You cannot grieve forever

Last Friday, I went to my aerobics class. Look up. Look down. Look over your shoulder. Then over the other shoulder. Do windshield wipers with your feet. And so on.
As usual, we sat in a mirrored room with music playing. And to my surprise, I actually enjoyed the exercise and the music, especially the familiar rendition of “On the Street Where You Live” from “My Fair Lady.”
Somehow–in that comfortable, supportive environment–the horrific events of the week seemed more bearable. And hope was rekindled.
Still, I’ll never forget how I felt last Tuesday morning when I logged on to AOL only to find that the World Trade Center towers no longer were standing.
Memories of lower Manhattan flooded my mind, and especially one memorable occasion. I was attending a conference and was free as a bird because I already had given my presentation.
I was ready for fun that night. That fun took place in the beautiful restaurant at the top of the World Trade Center with my colleagues–Nancy, Larry, Janet, Arthur, Laura, Cindy, and Hal.
Last Tuesday, I knew immediately that New York City would never be the same for me personally or for the world. And tragically, I also knew the whole world had “changed from top to bottom” in the words of one novelist.
That was a lot of information to digest in one surreal morning.
Actually, it felt like the end of the world. And I asked the question–when had I felt like this before? After Hiroshima, when the anxiety turned to fear. When my wonderful, loving father died much too young. During the Cuban missile crisis when our targeted city was put on alert.
When President Kennedy was shot.
And then I remembered an article I read recently in The New York Times historical section from April 14, 1885. The headline was an understated “Awful Event,” followed by “President Lincoln Shot by an Assassin.”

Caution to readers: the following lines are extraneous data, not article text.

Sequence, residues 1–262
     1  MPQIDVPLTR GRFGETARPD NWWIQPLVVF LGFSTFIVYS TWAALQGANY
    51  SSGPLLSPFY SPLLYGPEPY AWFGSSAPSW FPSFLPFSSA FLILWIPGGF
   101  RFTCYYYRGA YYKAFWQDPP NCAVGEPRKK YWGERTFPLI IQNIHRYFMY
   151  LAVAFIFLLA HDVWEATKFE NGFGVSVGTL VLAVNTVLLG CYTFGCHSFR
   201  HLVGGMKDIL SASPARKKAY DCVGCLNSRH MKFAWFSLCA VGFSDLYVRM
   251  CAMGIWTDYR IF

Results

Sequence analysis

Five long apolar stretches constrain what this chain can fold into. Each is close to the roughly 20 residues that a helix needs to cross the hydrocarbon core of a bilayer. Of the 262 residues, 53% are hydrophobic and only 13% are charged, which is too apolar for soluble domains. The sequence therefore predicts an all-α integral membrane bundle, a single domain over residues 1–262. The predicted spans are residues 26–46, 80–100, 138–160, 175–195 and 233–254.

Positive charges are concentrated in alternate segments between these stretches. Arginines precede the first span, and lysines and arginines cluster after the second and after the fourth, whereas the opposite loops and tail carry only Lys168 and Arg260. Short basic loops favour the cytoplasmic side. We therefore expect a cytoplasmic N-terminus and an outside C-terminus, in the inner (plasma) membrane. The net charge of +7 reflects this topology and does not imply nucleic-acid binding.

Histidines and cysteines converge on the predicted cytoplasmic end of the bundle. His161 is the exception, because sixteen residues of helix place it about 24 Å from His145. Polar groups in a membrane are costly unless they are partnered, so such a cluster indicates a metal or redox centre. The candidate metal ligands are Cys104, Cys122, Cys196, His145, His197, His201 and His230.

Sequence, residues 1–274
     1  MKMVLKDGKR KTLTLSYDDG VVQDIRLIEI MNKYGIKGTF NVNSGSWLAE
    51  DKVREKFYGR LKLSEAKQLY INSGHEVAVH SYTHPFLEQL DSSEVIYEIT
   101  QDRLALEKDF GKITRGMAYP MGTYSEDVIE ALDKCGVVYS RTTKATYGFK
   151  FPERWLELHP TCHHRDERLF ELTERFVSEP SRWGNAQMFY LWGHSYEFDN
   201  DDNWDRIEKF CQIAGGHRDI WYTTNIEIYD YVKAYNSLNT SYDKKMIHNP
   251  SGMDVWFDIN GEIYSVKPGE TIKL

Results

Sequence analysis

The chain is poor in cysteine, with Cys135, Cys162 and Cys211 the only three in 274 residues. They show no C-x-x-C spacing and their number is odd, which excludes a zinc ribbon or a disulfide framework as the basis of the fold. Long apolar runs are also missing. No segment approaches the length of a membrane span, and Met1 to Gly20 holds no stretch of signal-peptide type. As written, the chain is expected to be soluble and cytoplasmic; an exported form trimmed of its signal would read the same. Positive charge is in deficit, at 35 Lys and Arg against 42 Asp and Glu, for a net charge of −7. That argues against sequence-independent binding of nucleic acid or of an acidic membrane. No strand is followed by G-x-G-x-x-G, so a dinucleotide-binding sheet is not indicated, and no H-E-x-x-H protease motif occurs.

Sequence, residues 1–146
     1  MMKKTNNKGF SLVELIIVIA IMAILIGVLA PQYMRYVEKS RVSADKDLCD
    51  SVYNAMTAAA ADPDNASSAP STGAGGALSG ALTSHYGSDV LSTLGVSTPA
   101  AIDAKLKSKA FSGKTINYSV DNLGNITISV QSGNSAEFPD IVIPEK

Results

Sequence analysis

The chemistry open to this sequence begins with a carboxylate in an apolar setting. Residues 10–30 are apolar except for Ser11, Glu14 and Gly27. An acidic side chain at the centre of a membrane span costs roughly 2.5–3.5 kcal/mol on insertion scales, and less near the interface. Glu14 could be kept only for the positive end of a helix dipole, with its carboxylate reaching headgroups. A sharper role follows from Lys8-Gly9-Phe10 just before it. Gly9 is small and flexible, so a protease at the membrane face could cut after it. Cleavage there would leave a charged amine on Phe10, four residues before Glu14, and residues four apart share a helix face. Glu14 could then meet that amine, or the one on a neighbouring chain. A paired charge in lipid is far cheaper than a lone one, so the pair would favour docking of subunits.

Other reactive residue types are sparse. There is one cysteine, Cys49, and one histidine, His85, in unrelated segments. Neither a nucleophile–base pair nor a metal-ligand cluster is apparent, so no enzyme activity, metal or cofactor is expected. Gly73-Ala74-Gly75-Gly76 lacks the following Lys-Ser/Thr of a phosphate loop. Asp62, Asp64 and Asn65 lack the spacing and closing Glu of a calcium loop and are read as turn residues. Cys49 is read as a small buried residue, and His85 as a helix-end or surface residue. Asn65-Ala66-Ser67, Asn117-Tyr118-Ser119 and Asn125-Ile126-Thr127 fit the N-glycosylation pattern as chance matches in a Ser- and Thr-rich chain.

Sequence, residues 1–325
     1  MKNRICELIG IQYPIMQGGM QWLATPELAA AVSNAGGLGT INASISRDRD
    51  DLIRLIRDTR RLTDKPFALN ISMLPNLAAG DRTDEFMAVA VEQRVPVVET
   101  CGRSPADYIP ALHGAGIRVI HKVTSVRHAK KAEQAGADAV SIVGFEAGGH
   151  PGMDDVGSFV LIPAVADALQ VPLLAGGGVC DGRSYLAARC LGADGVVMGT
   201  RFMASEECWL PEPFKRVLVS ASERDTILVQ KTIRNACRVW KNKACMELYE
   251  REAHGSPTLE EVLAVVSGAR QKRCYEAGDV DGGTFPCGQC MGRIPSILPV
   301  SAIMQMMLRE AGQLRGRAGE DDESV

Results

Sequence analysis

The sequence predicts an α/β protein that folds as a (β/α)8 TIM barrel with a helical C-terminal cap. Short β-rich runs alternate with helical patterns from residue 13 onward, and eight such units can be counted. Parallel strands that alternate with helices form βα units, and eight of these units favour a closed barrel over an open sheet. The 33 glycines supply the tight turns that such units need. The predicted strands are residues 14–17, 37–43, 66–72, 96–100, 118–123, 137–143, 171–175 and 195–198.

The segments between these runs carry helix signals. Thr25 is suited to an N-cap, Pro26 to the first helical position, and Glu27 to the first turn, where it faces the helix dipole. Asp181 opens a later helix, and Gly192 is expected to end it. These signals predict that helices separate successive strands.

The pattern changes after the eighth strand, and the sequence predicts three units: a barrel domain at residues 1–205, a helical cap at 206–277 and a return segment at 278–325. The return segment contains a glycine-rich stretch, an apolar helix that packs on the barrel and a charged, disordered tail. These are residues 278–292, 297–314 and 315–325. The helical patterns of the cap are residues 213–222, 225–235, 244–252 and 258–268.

Expressing the country’s grief, the newspaper said “the parting of his family with the dying President is too sad for description.” And the article reported that “the entire city tonight presents a scene of wild excitement, accompanied by violent expressions of indignation, and the profoundest sorrow; many shed tears.”
It went on to say that “the military authorities have dispatched mounted patrols in every direction to arrest the assassins. The whole metropolitan police are likewise vigilant for the same purpose.”
So 150 years ago, the citizens of our great nation felt like I did last Tuesday. Outraged, powerless, grief-stricken, angry, helpless, anguished and, fearful.
At a terrifying time like this, we must ponder a moment and learn from the past. Terence, who lived more than 2000 years ago, once said, “I am a man; nothing human is alien to me.”
The most terrible tragedies have been experienced by those who have gone before, and they have conquered their grief and fear. We, too, are a strong people.
We have come together before in community and caring, and we will do it again. We’ll be a little kinder. We’ll be more likely to help each other out. We’ll be forgiving of little things. We’ll share each other’s sorrow.
And we’ll help each other to go on living in useful ways.
Whether the tragedy is personal or collective, you cannot grieve forever. Life must go on. And together, we are brave enough to rediscover the joy of living.
Marie Snider is an award-winning health care writer and syndicated columnist.

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